June has arrived carrying a full array of nature’s bounty. Farmer’s markets all over the country are in full swing, awash in vibrant hues. Luscious crimson strawberries are nestled next to plump indigo blueberries in contrast to the crisp mossy green kale.
A rainbow of sights, sounds, and smells titillate the senses, inspire the tastebuds, and sometimes overwhelm the mind. A farmer’s market can be a veritable treasure trove of fresh, organic fare, but it can also be an overwhelming morass of tempting, and perhaps unfamiliar, food assortments. Making the sheer volume of options all the more noticeable is the fact that our pocketbooks often lack the abundance that the farmer’s market proudly displays.
But there is a way to conquer the farmer’s market and take advantage of its copious healthful options. By following 10 simple steps, you too can master the farmer’s market. With a little patience, education, and experimentation, you can rest confidently in the knowledge that you are supporting your community, improving your health, reducing your carbon footprint, and enjoying the best the season has to offer. And nothing tastes sweeter than that.
1. Do your research
Before you go to the farmer’s market, you should have a general idea of your top choices and your budget. It can also be helpful to check the website of your community’s farmer’s market to find out about the farmers that will be at the market and what types of foods they sell. This can make it easier to whittle down your choices and stay within your budget.
2. Be patient and buy in season.
Foods that are in season are not only the most economical, but they are the tastiest. While you can often find a wide variety of fruits and vegetables throughout farmer’s market season, it helps to browse the stands to see which produce seems to be in excess. Those fruits and vegetables are often at their peak in both taste and freshness, and will be the most economical as well.
3. Come early or buy late.
Shopping early in the morning, before the crowds have arrived, allows you more time to linger and ask questions. Buying later in the day, when the farmers are packing up and getting ready to leave, might provide the best deals since farmers are often reluctant to haul their unsold produce back home.
4. Buy in bulk.
Unlike produce purchased at the supermarket, produce at farmer’s markets does not require lengthy transportation time. It is typically harvested just before it is sold, which means it will generally last longer than expected. So if you spot a good find, buy up. While farmers are generally averse to haggling about prices, if you are buying in bulk, you might be able to negotiate a reduced rate, particularly if the produce you are buying is in excess at that time.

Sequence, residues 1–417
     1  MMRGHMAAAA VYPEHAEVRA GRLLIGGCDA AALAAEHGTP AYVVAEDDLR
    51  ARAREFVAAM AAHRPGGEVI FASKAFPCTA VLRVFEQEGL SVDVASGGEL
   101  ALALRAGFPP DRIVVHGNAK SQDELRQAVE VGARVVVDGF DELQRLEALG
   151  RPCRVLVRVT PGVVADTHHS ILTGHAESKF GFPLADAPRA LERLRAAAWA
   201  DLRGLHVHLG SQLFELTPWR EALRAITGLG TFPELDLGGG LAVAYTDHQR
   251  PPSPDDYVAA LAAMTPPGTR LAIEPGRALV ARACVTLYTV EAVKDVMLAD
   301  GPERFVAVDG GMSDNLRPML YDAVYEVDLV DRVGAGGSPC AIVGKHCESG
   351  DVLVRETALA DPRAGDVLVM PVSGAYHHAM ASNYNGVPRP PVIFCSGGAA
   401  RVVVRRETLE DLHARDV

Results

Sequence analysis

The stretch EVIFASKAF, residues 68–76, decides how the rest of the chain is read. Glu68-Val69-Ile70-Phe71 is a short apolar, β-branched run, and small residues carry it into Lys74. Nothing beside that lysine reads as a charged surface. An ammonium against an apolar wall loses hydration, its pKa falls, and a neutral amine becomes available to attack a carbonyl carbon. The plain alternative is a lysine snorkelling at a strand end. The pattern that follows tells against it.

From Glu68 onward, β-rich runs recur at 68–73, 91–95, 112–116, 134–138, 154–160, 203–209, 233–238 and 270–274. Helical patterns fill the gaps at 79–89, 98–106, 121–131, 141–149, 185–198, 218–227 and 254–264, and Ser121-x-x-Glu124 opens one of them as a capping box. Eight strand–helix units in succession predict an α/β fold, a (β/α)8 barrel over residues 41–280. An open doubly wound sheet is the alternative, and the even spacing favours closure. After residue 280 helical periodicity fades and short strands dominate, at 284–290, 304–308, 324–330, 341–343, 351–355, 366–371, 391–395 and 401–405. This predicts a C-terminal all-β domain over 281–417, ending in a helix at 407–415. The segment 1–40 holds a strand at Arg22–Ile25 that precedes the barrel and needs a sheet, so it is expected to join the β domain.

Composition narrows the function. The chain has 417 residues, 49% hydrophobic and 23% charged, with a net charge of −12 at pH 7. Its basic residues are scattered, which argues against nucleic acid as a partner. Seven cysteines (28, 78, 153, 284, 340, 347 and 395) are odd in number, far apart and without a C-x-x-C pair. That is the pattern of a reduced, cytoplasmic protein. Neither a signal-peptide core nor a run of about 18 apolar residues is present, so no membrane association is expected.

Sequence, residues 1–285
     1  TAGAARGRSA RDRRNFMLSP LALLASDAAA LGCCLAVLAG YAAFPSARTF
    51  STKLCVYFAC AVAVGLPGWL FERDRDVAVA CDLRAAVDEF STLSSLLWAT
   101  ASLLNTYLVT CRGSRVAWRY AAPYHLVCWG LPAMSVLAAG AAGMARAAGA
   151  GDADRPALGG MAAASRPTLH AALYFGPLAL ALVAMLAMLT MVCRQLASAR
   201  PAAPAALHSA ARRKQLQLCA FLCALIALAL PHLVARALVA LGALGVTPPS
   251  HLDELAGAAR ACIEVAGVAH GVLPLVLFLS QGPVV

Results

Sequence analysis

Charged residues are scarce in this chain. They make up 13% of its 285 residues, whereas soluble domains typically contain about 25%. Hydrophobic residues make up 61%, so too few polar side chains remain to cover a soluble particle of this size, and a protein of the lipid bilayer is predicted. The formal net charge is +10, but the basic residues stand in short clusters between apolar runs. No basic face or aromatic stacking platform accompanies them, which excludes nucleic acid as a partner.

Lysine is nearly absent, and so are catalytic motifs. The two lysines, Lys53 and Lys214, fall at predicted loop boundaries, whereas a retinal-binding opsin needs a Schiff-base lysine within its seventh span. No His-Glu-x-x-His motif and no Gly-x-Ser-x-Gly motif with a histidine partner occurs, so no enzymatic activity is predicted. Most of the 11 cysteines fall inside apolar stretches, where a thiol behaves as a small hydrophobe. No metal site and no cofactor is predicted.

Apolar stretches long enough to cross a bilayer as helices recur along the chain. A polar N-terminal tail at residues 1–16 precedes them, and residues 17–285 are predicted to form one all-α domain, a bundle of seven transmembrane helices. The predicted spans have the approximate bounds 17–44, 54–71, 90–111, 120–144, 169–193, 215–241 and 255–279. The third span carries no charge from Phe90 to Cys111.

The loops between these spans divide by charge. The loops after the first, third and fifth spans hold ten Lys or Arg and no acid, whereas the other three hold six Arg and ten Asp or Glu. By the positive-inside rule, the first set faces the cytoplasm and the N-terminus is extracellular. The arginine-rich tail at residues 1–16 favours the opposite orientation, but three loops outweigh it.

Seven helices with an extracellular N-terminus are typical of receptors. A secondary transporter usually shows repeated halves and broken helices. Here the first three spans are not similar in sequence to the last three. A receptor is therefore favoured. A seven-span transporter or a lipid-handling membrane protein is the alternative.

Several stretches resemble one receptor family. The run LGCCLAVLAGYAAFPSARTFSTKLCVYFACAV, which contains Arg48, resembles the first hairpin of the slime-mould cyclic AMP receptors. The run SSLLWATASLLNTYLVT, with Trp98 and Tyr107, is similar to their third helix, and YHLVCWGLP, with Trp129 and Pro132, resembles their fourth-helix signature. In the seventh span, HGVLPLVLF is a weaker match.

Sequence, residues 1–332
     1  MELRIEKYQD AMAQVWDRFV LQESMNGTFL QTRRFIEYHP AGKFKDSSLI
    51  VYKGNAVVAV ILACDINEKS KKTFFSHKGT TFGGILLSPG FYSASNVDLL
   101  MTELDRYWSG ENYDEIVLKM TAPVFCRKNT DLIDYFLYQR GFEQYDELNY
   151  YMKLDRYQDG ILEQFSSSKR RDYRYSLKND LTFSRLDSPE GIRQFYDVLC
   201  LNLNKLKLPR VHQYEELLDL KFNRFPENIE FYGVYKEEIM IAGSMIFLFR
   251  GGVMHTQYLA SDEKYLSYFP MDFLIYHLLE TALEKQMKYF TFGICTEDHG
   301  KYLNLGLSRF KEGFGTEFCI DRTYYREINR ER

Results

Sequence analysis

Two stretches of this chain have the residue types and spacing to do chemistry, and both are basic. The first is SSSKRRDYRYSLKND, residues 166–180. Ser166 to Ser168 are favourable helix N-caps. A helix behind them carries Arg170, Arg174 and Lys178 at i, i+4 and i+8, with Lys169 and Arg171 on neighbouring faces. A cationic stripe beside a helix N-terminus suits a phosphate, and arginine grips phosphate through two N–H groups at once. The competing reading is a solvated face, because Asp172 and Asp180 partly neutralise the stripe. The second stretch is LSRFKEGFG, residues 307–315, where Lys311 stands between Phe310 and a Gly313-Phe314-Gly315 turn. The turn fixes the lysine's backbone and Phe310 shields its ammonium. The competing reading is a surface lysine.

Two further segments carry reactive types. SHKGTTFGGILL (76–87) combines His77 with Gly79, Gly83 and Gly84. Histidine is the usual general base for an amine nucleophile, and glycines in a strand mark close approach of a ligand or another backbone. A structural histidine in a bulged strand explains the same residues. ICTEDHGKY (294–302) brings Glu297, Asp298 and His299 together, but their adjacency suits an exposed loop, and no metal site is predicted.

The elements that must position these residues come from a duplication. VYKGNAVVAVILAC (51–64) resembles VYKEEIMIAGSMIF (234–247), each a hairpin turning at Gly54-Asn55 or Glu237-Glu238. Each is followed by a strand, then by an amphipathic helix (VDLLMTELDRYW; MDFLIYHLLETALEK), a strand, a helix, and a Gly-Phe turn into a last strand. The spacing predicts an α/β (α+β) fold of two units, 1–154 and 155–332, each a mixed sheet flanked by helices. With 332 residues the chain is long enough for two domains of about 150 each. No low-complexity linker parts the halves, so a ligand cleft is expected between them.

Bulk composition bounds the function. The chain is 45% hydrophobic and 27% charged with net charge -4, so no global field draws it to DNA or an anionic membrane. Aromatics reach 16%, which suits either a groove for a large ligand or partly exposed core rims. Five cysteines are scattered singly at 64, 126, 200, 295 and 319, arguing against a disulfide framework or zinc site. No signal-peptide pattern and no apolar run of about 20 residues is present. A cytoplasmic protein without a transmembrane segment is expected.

5. But don’t overbuy.
With all of the enticing sights, smells, and tastes of the farmer’s market, it can be easy to get carried away and be overly ambitious about your cooking goals. Be realistic and err on the side of buying too little the first time. You can always buy more on subsequent visits.
6. Have a taste.
Farmers and other vendors frequently offer samples of their goods. If you are unsure of an unfamiliar item, ask for a sample.
7. Walk and browse.
It is helpful to walk through the entire farmer’s market once before you buy anything. As you walk through the market and explore its offerings, make a note of which farmers have the best prices and make a priority list of your produce selections. Remember that you do not need to buy all of your produce from the same farmer. You can buy your berries from one farmer, your greens from another farmer, your onions from yet another farmer and you might still have enough funds left over to treat yourself to one of the tasty pastries that so many farmer’s markets offer.
8. Don’t be scared of the ugly produce.
Ugly and strange looking produce, likeheirloom tomatoes and white carrots, can seem a bit exotic and intimidating for even the most adventurous cook. But remember that some of the most strange-looking produce often offers the most extraordinary tastes. Don’t shy away from peculiar looking produce; just ask the farmer for more information on the food and inquire about any recipe recommendations.
9. Make friends.
Whether you are new to the farmer’s market scene or a regular shopper, it helps to make friends with both the farmers selling and the consumers buying at the market. Farmers can provide you with information regarding the shelf life of certain produce, suggest creative cooking techniques and recipes, and provide insight into which fruits and vegetables are in season. Other shoppers can also be a wealth of information regarding which farmers have the best produce for the most reasonable prices and can also provide practical tips on how to use unfamiliar vegetables or fruits.